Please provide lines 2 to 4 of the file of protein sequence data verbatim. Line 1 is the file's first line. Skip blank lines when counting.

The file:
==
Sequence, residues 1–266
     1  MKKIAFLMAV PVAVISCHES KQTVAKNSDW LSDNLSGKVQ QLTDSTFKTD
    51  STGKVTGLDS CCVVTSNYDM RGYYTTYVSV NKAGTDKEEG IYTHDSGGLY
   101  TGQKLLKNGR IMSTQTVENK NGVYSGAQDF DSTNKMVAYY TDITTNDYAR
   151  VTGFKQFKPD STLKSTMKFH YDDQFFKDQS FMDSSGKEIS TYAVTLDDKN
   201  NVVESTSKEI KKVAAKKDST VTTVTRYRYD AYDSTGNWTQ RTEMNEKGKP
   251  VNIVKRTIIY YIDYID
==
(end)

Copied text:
     1  MKKIAFLMAV PVAVISCHES KQTVAKNSDW LSDNLSGKVQ QLTDSTFKTD
    51  STGKVTGLDS CCVVTSNYDM RGYYTTYVSV NKAGTDKEEG IYTHDSGGLY
   101  TGQKLLKNGR IMSTQTVENK NGVYSGAQDF DSTNKMVAYY TDITTNDYAR